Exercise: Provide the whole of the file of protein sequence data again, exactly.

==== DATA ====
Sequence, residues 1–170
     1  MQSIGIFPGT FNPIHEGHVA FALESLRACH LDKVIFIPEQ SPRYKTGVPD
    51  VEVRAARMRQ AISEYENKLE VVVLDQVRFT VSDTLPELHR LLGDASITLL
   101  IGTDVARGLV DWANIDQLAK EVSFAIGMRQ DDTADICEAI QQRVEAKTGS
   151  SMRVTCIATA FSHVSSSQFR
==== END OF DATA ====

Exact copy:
Sequence, residues 1–170
     1  MQSIGIFPGT FNPIHEGHVA FALESLRACH LDKVIFIPEQ SPRYKTGVPD
    51  VEVRAARMRQ AISEYENKLE VVVLDQVRFT VSDTLPELHR LLGDASITLL
   101  IGTDVARGLV DWANIDQLAK EVSFAIGMRQ DDTADICEAI QQRVEAKTGS
   151  SMRVTCIATA FSHVSSSQFR